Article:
Sunday, July 15, 2012

Perspectives on Limits to Growth - Lester Brown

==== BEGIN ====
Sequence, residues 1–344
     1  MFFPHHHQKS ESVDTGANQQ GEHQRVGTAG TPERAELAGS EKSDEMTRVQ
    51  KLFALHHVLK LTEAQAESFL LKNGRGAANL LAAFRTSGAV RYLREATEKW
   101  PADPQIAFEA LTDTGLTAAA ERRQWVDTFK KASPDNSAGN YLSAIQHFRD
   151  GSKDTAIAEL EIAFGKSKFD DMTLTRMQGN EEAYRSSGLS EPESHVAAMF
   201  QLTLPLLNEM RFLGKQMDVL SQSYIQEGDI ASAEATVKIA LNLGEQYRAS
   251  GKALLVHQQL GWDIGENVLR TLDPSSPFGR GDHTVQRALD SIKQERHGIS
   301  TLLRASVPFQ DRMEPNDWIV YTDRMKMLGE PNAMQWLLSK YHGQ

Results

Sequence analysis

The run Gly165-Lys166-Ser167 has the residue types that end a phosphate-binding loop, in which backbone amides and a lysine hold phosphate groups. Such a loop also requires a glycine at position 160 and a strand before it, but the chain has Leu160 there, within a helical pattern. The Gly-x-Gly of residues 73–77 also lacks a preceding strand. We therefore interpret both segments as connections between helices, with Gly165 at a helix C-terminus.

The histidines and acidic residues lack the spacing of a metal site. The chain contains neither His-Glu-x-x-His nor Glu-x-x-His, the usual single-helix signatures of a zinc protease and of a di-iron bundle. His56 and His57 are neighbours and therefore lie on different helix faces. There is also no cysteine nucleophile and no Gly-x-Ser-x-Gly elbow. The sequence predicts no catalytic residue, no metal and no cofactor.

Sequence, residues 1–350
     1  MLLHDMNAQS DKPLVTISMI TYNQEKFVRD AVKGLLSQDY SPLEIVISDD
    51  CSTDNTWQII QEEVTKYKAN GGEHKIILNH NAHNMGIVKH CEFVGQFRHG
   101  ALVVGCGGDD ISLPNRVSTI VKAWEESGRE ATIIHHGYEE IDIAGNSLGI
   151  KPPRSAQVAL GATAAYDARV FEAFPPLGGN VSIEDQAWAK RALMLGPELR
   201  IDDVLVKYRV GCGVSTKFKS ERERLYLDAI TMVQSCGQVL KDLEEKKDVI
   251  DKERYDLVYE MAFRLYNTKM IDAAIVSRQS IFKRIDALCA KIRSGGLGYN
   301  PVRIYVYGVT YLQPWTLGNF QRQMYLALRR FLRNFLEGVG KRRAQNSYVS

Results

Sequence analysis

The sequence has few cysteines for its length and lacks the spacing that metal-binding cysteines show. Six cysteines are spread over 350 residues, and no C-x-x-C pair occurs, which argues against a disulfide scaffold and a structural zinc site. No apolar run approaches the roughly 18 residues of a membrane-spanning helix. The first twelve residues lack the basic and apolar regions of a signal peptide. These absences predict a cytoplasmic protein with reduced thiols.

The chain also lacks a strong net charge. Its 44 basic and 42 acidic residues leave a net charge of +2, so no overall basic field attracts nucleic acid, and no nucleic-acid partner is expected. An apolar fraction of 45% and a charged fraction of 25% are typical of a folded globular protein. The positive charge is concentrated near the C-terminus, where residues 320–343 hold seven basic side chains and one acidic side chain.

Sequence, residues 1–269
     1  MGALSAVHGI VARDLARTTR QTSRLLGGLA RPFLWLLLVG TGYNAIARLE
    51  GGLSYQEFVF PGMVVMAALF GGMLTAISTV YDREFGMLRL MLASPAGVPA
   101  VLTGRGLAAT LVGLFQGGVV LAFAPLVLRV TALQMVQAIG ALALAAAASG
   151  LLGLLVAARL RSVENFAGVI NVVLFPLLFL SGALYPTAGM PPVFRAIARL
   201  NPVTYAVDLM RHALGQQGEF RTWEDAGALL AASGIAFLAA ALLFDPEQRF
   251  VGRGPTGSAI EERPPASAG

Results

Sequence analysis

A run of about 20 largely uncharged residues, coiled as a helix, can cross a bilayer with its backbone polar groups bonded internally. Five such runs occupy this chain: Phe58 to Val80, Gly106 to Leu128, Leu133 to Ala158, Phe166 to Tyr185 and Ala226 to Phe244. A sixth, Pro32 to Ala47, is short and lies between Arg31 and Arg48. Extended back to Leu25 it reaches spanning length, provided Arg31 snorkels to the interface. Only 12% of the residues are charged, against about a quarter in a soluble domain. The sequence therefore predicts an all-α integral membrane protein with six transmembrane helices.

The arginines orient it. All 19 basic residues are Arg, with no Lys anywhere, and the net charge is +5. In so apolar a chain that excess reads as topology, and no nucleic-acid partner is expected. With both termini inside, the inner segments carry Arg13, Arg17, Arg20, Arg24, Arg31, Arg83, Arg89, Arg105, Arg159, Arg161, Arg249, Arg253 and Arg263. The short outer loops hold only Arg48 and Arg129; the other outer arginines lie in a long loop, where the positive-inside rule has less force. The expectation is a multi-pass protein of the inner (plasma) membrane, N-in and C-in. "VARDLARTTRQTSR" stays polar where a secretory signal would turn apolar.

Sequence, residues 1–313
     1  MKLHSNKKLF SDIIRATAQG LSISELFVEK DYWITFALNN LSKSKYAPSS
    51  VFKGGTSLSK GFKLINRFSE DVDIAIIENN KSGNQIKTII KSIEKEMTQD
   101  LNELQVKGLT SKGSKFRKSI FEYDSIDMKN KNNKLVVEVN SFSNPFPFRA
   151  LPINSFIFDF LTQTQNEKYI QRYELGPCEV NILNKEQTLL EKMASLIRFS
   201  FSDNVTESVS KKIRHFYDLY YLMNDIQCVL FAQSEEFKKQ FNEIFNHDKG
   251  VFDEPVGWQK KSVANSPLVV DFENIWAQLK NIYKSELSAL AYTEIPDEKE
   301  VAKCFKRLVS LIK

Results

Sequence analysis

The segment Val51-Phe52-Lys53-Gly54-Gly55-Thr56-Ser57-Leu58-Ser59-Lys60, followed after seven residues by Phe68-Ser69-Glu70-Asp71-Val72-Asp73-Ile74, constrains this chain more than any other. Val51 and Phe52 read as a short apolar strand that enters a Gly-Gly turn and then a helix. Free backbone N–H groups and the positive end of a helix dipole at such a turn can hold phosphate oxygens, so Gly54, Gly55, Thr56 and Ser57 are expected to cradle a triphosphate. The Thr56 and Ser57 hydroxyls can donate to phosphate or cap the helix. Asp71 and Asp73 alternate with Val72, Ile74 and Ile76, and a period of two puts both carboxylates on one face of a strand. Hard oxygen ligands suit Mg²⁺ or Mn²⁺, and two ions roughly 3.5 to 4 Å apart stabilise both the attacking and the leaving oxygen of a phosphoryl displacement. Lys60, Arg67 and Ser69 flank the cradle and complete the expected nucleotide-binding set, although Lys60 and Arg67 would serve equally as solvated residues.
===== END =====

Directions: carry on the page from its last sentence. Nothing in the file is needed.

We are facing issues of near-overwhelming complexity and unprecedented urgency. Can we think systematically and fashion policies accordingly? Can we move fast enough to avoid environmental decline and economic collapse? Can we change direction before we go over the edge? I will look at the economic future through and environmental lens to fashion a plan that will sustain civilization. The plan has four components: a massive cut in global carbon emissions of 80 percent by 2020; the stabilization of world population at no more than 8 billion by 2040; the eradication of poverty; and the restoration of forests, soils, aquifers, and fisheries. Lester Brown started his career as a farmer, growing tomatoes in southern New Jersey with his younger brother during high school and college. Shortly after earning a degree in agricultural science from Rutgers University in 1955, he spent six months living in rural India where he became intimately familiar with the food/population issue. Brown went on to earn masters degrees in agricultural economics from the University of Maryland and in public administration from Harvard University. In 1959 Brown joined the USDA's Foreign Agricultural Service as an international analyst, and in 1964 he became an adviser to Secretary of Agriculture Orville Freeman on foreign agricultural policy. In 1966, he was appointed Administrator of the department's International Agricultural Development Service. In early 1969, he left government to help establish